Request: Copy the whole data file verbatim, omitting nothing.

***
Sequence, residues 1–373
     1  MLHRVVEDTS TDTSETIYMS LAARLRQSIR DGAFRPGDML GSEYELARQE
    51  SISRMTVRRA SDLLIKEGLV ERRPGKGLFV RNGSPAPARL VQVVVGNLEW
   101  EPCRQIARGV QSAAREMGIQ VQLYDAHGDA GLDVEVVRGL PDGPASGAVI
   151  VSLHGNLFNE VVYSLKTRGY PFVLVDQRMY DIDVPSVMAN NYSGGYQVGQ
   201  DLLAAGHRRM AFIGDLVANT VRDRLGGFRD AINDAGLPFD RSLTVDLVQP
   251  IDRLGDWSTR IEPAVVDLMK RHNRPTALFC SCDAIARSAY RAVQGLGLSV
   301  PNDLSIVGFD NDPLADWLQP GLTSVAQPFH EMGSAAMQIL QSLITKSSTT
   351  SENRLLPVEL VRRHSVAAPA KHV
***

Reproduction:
Sequence, residues 1–373
     1  MLHRVVEDTS TDTSETIYMS LAARLRQSIR DGAFRPGDML GSEYELARQE
    51  SISRMTVRRA SDLLIKEGLV ERRPGKGLFV RNGSPAPARL VQVVVGNLEW
   101  EPCRQIARGV QSAAREMGIQ VQLYDAHGDA GLDVEVVRGL PDGPASGAVI
   151  VSLHGNLFNE VVYSLKTRGY PFVLVDQRMY DIDVPSVMAN NYSGGYQVGQ
   201  DLLAAGHRRM AFIGDLVANT VRDRLGGFRD AINDAGLPFD RSLTVDLVQP
   251  IDRLGDWSTR IEPAVVDLMK RHNRPTALFC SCDAIARSAY RAVQGLGLSV
   301  PNDLSIVGFD NDPLADWLQP GLTSVAQPFH EMGSAAMQIL QSLITKSSTT
   351  SENRLLPVEL VRRHSVAAPA KHV